Open to advanced instrumentalists with instructor’s permission. This course employs music theory and analysis in tonal music (in the fall semester) and atonal music (in the spring semester) to develop practical principles of interpretation for the performer and listener. Listening assignments, discussions and written exercises will help students connect intuitive impressions of music with an objective understanding of the music's construction and design as found in common practice.
Music and Technology
SCI 317-318; 3 s.h./term
From electronic applications in composition, to platforms for broadcast/simulcast, to recording and the life cycles of production
and promotion, to the Internet and the infinite variety of AV possibilities it invites, having a basic to intermediate understanding of the dynamics of how music and technology meld to serve the art form is essential for Curtis students as they enter careers in the 21st-century.The course will provide students with a guided tour along the ever evolving and shared frontiers of music and technology and to provide some practical training while also stimulating creativity in their primary studies.
MUL 303-304; 2 s.h./term
CMP 011–012; 1 s.h./term
Fundamentals of music composition focusing on students’ own composed music. Students with experience as composers are welcome, though no experience is necessary for instruction. This course also includes form, analysis, and modern techniques; readings of student works; and possible performance opportunities.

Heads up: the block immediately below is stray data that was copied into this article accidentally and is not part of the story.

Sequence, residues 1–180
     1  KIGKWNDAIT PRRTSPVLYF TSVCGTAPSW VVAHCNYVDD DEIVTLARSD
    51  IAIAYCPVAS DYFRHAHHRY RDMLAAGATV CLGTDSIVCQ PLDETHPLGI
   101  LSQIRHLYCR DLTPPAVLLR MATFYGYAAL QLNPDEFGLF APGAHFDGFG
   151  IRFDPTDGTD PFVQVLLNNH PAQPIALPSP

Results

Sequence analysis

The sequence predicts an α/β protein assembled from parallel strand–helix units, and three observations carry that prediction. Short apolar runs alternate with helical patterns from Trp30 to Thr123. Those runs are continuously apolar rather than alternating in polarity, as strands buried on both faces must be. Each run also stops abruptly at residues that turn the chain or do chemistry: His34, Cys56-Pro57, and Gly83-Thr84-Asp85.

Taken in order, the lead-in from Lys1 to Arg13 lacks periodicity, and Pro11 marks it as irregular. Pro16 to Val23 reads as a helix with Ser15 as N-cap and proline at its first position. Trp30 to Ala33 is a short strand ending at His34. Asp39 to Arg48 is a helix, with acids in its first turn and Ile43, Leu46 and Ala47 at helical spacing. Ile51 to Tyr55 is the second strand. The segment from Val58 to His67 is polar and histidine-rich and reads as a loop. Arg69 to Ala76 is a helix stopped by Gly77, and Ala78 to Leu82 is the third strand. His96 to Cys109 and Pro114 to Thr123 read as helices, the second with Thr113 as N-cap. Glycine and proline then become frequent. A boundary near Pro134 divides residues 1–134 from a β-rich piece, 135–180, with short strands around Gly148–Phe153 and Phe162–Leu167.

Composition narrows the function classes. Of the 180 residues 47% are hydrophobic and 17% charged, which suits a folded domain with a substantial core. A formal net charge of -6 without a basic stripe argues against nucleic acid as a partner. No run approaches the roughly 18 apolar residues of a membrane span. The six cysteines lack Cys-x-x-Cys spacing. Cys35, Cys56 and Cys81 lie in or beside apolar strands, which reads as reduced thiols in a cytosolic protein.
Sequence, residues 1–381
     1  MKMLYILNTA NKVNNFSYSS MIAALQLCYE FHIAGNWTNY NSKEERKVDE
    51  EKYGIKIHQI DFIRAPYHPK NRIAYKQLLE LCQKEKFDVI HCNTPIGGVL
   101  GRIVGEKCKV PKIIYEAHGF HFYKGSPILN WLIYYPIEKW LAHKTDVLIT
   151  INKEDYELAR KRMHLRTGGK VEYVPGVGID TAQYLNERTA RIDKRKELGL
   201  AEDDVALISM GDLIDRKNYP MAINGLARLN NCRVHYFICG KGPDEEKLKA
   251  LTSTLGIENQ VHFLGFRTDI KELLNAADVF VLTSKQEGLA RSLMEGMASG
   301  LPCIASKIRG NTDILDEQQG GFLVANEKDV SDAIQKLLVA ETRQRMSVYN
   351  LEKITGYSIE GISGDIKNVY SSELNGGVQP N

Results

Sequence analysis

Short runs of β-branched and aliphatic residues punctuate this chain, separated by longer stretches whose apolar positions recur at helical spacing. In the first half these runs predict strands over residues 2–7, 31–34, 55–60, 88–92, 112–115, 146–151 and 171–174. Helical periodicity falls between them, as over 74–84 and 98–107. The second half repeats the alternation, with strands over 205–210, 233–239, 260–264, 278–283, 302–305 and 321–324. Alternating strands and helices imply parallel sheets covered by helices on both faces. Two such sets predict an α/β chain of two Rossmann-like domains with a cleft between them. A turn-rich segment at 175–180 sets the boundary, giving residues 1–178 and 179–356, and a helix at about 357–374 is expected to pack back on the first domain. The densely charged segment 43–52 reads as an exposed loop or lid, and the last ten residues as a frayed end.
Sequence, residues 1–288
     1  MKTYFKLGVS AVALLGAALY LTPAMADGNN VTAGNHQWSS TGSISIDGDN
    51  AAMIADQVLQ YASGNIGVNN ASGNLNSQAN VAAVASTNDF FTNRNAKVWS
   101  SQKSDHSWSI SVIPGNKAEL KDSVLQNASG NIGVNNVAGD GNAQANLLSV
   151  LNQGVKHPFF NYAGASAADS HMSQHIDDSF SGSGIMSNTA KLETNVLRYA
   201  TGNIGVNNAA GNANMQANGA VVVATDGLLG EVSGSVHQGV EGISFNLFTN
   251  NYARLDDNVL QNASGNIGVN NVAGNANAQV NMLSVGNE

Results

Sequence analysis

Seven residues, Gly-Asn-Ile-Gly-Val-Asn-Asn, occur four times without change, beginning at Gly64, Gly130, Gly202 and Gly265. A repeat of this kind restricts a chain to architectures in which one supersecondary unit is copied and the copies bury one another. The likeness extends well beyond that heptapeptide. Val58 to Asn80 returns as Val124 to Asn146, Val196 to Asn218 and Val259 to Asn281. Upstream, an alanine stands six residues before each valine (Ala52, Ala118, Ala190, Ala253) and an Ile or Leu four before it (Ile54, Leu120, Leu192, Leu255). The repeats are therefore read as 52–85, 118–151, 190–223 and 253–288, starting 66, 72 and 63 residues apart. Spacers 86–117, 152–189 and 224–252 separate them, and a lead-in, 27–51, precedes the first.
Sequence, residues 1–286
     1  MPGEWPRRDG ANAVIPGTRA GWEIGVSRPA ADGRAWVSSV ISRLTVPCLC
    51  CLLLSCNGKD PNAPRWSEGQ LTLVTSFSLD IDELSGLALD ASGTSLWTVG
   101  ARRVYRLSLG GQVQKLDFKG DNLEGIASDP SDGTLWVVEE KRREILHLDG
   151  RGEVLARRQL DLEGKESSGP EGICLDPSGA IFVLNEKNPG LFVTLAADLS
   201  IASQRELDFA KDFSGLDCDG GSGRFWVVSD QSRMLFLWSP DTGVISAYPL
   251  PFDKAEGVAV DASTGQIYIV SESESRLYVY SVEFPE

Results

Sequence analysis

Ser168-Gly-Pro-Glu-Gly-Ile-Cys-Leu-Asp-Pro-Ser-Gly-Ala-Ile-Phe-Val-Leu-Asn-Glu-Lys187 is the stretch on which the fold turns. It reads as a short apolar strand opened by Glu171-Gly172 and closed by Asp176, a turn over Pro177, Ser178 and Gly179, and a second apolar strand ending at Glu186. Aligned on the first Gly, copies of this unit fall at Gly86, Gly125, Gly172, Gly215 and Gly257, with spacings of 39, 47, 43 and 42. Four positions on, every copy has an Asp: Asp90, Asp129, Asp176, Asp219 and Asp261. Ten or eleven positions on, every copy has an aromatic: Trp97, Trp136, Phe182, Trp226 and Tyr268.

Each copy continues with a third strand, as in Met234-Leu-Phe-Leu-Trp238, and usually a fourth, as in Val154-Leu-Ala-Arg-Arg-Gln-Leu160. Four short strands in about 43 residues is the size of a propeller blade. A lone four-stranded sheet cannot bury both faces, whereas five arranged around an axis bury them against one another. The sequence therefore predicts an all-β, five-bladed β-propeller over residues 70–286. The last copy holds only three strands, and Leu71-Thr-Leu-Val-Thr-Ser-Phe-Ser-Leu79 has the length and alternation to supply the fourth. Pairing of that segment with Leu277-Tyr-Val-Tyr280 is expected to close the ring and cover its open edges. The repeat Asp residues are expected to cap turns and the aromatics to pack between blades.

Orchestration and Arranging for Non-Majors
THY 323*; 3 s.h.
This class examines the ranges, characteristics and uses of the orchestral instruments. Students will write original pieces or transcriptions for standard chamber ensembles including Woodwind Quintet, Brass Quintet, String Quintet and Percussion Duo. These assignments will be read and recorded. Students will also discuss problems of notation for each instrument and the correct methods of setting up a score and extracting parts.
THY 321*; 4 s.h.
A study of orchestral instruments – their ranges, capabilities, and uses in small ensembles – within historical, traditional, and contemporary contexts. Special attention is paid to score preparation and parts extraction. This course also explores traditional scoring practices and contemporary techniques.
KBD 411–412*; 1 s.h./term
Reading at the keyboard of selected movements, representing important styles and composers from 1750 to 1950, chosen from orchestral, chamber, choral, and operatic repertoire.
The Violin: Its History, Preservation, and Use
MHS 311–312*; 1 s.h.
A study of the history and development of the violin focusing on the major violinmakers from Italy, France, Germany, and England.
KBD 315–316; 1 s.h./term
Individual instruction in selected topics of musical studies or analysis.
Odd-numbered courses generally meet in the fall and even-numbered courses meet in the spring.
The designations "s.h." (semester hours) and "g.c." (graduate credits) indicate credit-hours given per term for undergraduate and graduate courses, respectively.
Yearlong, two-semester courses are designated by hyphenated course numbers. Students must successfully complete both semesters of required yearlong courses to satisfy the graduation requirement.
The symbol * indicates a course that is not offered every year.